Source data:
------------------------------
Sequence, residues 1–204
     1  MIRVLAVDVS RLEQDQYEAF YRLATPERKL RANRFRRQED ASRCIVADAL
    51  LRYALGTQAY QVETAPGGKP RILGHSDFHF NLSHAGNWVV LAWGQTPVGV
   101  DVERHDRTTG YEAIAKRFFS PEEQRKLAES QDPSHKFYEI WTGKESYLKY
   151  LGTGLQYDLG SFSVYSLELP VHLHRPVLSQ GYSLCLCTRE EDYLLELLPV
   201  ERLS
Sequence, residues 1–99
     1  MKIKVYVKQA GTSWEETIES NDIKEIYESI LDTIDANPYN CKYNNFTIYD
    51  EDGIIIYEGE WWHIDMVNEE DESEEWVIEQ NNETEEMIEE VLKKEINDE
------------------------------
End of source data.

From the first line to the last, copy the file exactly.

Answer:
Sequence, residues 1–204
     1  MIRVLAVDVS RLEQDQYEAF YRLATPERKL RANRFRRQED ASRCIVADAL
    51  LRYALGTQAY QVETAPGGKP RILGHSDFHF NLSHAGNWVV LAWGQTPVGV
   101  DVERHDRTTG YEAIAKRFFS PEEQRKLAES QDPSHKFYEI WTGKESYLKY
   151  LGTGLQYDLG SFSVYSLELP VHLHRPVLSQ GYSLCLCTRE EDYLLELLPV
   201  ERLS
Sequence, residues 1–99
     1  MKIKVYVKQA GTSWEETIES NDIKEIYESI LDTIDANPYN CKYNNFTIYD
    51  EDGIIIYEGE WWHIDMVNEE DESEEWVIEQ NNETEEMIEE VLKKEINDE